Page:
Around the world, refugees, asylum seekers, and internally displaced people are widely seen as populations that need to be managed. In today’s episode of Refugee Realities, we hear about some of the ways that refugee policy has been enacted, whether at the international level, as discussed by Taitum Caggiano and Gabriele Canavan, or at the national level here in the UK, as explored by Henry Arthur and Valentina Uccioli. Finally, we hear from Ben Grazda about the perspective from Mogadishu, Somalia—a city facing serious challenges, but nonetheless seeking to provide solutions to displaced people.
Women, peace, and security after Europe’s refugee `crisis’
Hosts: Taitum Caggiano and Gabriele Canavan, MSc students in Gender, Peace, and Security, LSE
In this podcast, Gabriele Canavan and Taitum Caggiano interview Aiko Holvikivi and Audrey Reeves, who recently published an article titled Women, Peace and Security After Europe’s Refugee Crisis, about the nexus between the Women, Peace, and Security (WPS) agenda and the refugee security regime. For background, the United Nations’ Security Council Resolution (SCR) 1325 is often considered a watershed moment for WPS activists seeking gender equity within responses to conflict, as it was the first SCR to address women and gendered issues within conflict and post-conflict settings. UNSCR 1325, subsequent SCRs (1820, 1888, 1889, 1960, 2106, 2122, 2242, 2467, 2493), and National and Regional Actions Plans (NAPs, RAPs) on WPS all comprise the WPS agenda. The WPS agenda has famously drawn international attention to gendered issues in conflict such as conflict-related sexual violence and male-dominated decision-making spaces. With their experience in both policy and academia, Holvikivi and Reeves explore the potential for a refugee-inclusive WPS agenda.
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The UK government’s new plan for immigration: implications for refugees
Hosts: Valentina Uccioli and Henry Arthur, MSc students in International Development and Humanitarian Emergencies, LSE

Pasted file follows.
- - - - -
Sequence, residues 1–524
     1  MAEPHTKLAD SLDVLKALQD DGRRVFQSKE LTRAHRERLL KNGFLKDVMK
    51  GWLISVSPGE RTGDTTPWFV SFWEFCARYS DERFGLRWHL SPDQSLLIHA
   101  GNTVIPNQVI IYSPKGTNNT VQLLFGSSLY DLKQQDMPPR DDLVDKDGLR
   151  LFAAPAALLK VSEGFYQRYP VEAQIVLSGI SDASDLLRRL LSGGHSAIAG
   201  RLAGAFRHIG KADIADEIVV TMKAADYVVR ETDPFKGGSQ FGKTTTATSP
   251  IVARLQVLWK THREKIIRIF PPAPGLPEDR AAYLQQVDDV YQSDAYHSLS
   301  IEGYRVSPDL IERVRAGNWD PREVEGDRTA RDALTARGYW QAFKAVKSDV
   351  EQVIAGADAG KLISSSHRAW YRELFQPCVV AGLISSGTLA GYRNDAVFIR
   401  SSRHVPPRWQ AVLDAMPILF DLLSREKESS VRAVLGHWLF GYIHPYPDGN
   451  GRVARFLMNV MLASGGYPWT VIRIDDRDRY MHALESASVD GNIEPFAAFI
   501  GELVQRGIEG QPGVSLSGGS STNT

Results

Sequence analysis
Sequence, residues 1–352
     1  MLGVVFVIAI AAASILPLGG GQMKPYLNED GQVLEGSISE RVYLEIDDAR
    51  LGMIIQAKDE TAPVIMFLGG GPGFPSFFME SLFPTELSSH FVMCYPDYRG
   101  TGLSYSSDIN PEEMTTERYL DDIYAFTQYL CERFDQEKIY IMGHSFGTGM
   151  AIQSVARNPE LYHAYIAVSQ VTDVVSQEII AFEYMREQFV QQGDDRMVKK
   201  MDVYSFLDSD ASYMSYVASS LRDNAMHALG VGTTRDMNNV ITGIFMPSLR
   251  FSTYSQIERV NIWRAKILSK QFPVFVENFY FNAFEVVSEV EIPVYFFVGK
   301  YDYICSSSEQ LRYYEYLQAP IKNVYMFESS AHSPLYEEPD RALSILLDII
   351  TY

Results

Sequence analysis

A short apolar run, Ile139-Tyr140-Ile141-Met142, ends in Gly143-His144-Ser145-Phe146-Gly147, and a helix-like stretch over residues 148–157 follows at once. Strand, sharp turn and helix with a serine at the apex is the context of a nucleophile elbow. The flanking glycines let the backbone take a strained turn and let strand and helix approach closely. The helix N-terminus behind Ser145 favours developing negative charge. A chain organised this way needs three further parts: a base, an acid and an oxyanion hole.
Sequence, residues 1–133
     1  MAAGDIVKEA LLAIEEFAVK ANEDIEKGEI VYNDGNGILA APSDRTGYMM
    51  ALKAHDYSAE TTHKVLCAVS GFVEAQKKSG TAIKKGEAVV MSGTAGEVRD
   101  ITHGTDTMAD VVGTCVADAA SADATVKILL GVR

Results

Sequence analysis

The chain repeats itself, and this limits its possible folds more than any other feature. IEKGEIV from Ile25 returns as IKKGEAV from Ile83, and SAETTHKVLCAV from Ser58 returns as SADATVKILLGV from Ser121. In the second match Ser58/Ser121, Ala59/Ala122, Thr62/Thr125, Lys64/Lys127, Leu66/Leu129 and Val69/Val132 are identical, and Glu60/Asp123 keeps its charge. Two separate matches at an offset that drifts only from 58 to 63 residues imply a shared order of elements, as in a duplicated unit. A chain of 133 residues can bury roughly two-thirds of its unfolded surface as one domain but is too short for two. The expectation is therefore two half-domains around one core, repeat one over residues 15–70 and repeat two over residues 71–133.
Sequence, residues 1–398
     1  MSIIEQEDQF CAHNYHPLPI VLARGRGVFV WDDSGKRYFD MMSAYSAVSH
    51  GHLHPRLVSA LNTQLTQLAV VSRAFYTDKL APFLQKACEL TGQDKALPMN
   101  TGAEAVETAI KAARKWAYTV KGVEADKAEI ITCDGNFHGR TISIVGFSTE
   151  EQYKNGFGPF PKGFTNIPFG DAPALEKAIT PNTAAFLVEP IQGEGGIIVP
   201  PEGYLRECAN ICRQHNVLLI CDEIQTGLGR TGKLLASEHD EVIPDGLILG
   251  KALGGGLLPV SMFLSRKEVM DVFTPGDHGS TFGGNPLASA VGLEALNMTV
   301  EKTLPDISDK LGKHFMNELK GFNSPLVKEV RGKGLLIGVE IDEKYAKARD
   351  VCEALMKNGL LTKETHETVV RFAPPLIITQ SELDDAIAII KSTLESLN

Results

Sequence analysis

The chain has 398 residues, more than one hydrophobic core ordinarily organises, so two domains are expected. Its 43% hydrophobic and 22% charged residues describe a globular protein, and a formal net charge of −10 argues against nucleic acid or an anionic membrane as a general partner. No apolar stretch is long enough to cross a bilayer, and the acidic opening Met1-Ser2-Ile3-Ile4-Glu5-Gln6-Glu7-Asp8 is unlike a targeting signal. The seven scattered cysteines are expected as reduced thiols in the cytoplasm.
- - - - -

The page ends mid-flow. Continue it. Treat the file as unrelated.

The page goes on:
In March 2021, the UK Home Secretary, Priti Patel, made headlines with the announcement of the government’s new plan for immigration. This new plan outlined the most significant overhaul to the UK’s existing refugee and asylum policy in decades. The government stated that this overhaul will create a fairer system and insisted that it was ‘breaking the business model of people smuggling networks and protecting the lives of those they endanger.’ However, despite the government’s claims, the new plans have been heavily criticised, with adversaries claiming it lacks compassion, is impractical, and undermines the UK’s commitment to the 1951 Refugee Convention and its 1967 protocols. In this podcast, we break down what this new bill proposes, assessing what these proposals will mean for those trying to seek asylum within the UK. Joining us in this discussion are two guests: Zoe Gardner and Matilde Rosina. Zoe is a policy advisor for the Joint Council for the Welfare of Immigrants, a UK-based charity whose work includes providing legal support and assistance for refugees and asylum seekers. Matilde Rosina is an LSE Fellow in international migration at the European Institute. Her work examines the criminalisation of irregular migration in Europe, investigating its functioning, effectiveness, and consequences. In addition to breaking down the changes this new bill will introduce, in this podcast we assess the legality of these changes, the extent to which the bill will impact people smuggling, as well as a discussion on how this new plan represents the trend of securitising the refugee regime.
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Solutions for IDPs: From Geneva to Mogadishu
Host: Ben Grazda, MSc student, Conflict Studies, LSE
This podcast takes listeners to the forefront of the internal displacement issue in Somalia where Mogadishu officials are spearheading a policy to address the needs of the hundreds of thousands of internally displaced persons (IDPs) in their city. Talking directly with staff from Mogadishu Municipality, we hear first-hand what it’s like to deliver durable solutions to the dynamic city while simultaneously coordinating with an ecosystem of national and international stakeholders.
Mark Yarnell, Research and Report Officer for the UN Secretary-General’s High-Level Panel on Internal Displacement, discusses this and related issues with Amun Osman, Durable Solutions Consultant for the Municipality of Mogadishu, and Ben Grazda.
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This post is opinion-based and does not reflect the views of the London School of Economics and Political Science or any of its constituent departments and divisions.